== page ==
Cancer patients likely to be suffering from PTSD
Post-traumatic stress disorder is highly common among cancer patients and correlates with distress, depression and anxiety, a recent study has found.
Researchers enrolled 1,017 adult cancer patients (mean age, 57.6±14.4 years; 513 males) who were asked to accomplish the Post-traumatic Symptom Scale (PTSS-10) and Hospital Anxiety and Depression Scale (HADS). Breast, haematological and lung malignancies were the most common cancers in the sample.
The median PTSS-10 score was 9 points. Majority (68.3 percent; n=695) scored below 12.5 points. Analysis according to sex showed that females were significantly more likely than males to clear the 12.5-point score threshold (24.5 percent vs 38.9 percent; p<0.001).
In comparison, the median HADS anxiety score was 6 points, with most of the participants (63.1 percent; n=642) scoring less than 8 points; 22.3 percent (n=227) scored between 8 and 11 points, while the remaining 14.6 percent (n=148) scored above 11 points. Females were again significantly more likely to surpass 11 points (20.4 percent vs 8.6 percent; p<0.001).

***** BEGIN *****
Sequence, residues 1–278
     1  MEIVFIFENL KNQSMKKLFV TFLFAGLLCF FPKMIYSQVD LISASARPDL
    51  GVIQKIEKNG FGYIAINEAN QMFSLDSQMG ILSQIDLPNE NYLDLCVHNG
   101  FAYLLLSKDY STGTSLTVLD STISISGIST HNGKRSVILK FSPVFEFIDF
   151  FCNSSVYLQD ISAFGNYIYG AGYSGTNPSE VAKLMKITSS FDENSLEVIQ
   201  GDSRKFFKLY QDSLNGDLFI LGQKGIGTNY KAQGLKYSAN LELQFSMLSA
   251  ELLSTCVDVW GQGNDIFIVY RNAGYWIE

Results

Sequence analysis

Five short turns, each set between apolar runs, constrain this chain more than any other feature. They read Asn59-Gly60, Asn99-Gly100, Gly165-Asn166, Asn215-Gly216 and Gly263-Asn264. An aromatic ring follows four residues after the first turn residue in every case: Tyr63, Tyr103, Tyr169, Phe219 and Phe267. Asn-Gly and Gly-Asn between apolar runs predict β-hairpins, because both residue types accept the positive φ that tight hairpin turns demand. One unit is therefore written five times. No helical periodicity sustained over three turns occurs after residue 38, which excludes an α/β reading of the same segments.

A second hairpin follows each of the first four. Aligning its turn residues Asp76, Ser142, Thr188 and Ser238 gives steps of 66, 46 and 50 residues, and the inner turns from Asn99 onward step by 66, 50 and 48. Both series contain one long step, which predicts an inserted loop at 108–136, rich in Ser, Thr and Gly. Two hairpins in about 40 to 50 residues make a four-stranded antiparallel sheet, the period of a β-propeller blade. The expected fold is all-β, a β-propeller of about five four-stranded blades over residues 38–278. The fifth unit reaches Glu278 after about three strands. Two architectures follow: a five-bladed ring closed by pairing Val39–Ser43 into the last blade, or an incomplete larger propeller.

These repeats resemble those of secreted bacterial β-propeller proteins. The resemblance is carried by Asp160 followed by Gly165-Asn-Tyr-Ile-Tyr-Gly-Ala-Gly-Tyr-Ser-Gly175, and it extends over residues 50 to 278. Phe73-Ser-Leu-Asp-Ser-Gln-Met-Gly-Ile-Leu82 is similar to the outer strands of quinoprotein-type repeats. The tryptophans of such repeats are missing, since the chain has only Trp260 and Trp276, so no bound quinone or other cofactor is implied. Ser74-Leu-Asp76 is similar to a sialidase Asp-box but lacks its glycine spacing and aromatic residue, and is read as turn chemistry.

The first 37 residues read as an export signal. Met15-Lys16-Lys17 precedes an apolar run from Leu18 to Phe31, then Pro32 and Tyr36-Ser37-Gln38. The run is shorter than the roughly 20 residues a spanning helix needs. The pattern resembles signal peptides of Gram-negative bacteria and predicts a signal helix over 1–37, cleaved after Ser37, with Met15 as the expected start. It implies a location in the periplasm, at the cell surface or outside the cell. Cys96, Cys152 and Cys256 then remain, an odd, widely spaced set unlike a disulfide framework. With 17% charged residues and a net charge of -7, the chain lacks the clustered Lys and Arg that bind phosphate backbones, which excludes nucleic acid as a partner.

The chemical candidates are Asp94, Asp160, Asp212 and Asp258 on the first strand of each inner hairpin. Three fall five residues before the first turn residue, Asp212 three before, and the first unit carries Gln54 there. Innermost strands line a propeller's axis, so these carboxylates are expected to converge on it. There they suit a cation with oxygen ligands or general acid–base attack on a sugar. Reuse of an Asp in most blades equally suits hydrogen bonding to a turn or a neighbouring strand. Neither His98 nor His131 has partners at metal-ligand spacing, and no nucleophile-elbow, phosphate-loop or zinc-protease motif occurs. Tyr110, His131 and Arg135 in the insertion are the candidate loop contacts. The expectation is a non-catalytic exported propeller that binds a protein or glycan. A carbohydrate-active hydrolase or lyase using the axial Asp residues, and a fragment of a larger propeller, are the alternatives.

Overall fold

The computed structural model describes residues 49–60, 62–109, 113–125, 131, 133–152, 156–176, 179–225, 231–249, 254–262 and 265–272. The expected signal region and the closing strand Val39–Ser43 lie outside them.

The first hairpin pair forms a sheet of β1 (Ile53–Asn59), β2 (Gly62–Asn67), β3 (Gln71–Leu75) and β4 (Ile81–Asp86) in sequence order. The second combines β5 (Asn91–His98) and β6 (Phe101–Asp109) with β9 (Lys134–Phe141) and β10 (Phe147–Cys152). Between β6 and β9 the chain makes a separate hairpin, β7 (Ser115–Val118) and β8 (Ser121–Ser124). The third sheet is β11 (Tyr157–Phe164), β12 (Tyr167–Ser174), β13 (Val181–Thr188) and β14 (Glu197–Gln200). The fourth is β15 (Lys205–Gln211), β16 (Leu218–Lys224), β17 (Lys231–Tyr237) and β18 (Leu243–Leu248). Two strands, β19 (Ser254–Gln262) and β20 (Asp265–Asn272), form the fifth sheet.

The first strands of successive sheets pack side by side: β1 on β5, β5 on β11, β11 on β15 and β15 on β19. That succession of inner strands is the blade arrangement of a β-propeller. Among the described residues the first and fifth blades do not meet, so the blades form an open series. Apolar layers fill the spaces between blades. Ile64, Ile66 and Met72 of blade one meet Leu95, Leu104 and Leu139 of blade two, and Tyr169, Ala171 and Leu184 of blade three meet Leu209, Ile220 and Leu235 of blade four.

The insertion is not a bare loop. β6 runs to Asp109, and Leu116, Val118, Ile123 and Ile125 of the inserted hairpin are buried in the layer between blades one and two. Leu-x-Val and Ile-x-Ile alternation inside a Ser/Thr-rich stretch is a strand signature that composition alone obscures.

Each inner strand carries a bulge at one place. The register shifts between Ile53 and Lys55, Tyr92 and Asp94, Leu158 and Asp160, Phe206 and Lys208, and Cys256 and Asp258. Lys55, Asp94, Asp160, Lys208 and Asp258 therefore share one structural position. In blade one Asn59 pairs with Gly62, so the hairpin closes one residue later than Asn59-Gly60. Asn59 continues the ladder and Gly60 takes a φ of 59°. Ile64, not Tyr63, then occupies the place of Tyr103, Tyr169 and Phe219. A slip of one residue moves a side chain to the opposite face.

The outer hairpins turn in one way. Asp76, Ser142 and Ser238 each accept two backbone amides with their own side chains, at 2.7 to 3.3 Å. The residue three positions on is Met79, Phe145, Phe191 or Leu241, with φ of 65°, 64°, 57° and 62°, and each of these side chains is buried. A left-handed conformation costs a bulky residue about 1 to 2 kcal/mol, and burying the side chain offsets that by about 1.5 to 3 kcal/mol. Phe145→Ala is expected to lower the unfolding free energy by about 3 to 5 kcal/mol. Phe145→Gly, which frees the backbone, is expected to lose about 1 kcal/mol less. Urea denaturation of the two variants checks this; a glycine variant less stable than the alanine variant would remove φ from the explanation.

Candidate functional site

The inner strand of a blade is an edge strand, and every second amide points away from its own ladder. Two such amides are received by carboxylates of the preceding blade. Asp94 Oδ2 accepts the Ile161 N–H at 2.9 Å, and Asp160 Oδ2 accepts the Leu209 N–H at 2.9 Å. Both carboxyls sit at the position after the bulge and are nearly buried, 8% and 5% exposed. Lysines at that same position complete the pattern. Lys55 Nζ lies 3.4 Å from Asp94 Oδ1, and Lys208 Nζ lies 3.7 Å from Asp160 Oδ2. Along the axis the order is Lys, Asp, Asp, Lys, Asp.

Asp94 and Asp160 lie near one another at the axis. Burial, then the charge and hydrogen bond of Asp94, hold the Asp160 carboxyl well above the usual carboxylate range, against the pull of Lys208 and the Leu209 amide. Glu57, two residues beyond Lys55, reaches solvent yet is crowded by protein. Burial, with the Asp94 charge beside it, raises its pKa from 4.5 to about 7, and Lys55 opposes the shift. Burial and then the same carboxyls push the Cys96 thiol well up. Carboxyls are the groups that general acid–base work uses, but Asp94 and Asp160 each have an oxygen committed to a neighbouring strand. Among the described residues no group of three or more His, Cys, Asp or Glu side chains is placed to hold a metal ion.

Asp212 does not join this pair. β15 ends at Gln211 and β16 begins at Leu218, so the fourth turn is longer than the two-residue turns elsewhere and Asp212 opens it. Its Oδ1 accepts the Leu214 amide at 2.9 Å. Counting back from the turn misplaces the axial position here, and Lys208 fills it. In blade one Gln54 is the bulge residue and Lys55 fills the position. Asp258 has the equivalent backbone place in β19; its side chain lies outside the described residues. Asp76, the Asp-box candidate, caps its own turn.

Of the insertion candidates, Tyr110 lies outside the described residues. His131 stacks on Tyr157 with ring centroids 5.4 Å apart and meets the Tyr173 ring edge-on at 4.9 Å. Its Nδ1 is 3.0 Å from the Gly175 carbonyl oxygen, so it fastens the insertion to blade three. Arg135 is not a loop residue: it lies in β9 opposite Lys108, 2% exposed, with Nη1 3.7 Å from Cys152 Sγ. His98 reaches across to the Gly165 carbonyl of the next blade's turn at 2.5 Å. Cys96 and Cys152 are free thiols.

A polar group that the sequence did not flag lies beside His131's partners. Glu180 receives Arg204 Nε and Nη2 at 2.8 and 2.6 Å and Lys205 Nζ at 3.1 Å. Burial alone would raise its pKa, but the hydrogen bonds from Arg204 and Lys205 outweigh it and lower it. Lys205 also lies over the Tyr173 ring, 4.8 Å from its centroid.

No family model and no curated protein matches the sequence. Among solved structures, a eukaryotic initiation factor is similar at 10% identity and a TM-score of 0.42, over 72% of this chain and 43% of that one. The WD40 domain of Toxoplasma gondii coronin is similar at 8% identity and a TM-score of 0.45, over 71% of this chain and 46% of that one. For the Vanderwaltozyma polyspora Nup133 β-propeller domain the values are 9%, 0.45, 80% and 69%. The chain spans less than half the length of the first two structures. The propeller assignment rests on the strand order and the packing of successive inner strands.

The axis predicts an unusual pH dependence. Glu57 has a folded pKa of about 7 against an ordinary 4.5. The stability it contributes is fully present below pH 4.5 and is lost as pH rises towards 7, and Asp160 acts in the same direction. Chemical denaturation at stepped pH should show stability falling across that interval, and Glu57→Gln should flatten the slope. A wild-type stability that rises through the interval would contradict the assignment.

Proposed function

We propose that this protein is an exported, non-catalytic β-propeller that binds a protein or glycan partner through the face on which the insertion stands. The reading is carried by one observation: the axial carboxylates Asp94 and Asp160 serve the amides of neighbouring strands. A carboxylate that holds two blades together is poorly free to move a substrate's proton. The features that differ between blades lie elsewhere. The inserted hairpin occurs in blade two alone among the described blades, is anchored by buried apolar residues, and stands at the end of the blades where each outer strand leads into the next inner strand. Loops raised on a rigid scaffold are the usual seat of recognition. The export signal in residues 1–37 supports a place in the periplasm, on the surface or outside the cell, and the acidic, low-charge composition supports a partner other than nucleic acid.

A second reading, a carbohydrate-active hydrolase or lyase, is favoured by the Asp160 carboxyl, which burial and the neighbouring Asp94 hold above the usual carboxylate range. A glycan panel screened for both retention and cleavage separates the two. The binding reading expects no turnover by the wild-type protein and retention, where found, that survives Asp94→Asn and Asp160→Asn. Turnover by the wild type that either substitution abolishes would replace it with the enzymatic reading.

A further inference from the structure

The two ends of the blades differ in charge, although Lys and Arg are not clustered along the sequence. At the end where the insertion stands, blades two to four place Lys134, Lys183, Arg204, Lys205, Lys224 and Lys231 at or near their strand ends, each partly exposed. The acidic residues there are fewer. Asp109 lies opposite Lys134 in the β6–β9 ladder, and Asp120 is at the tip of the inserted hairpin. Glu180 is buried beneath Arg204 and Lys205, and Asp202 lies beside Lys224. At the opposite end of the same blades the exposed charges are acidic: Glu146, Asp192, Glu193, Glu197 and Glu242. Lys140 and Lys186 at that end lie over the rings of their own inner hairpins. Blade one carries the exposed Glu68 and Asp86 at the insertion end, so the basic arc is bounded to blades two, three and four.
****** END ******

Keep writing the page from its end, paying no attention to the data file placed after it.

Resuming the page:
The median depression score was 4 points, with only 13.2 percent scoring above 11 points. Majority (72.5 percent; n=737) fell below the 8-point cutoff. There was no observable gender effect for depression.
Scores in the PTSS-10 correlated significantly with the depression (coefficient, 0.637) and anxiety (coefficient, 0.708) subscales of the HADS, and with the HADS total score (coefficient, 0.744; p-all<0.01). All correlations were of large magnitudes.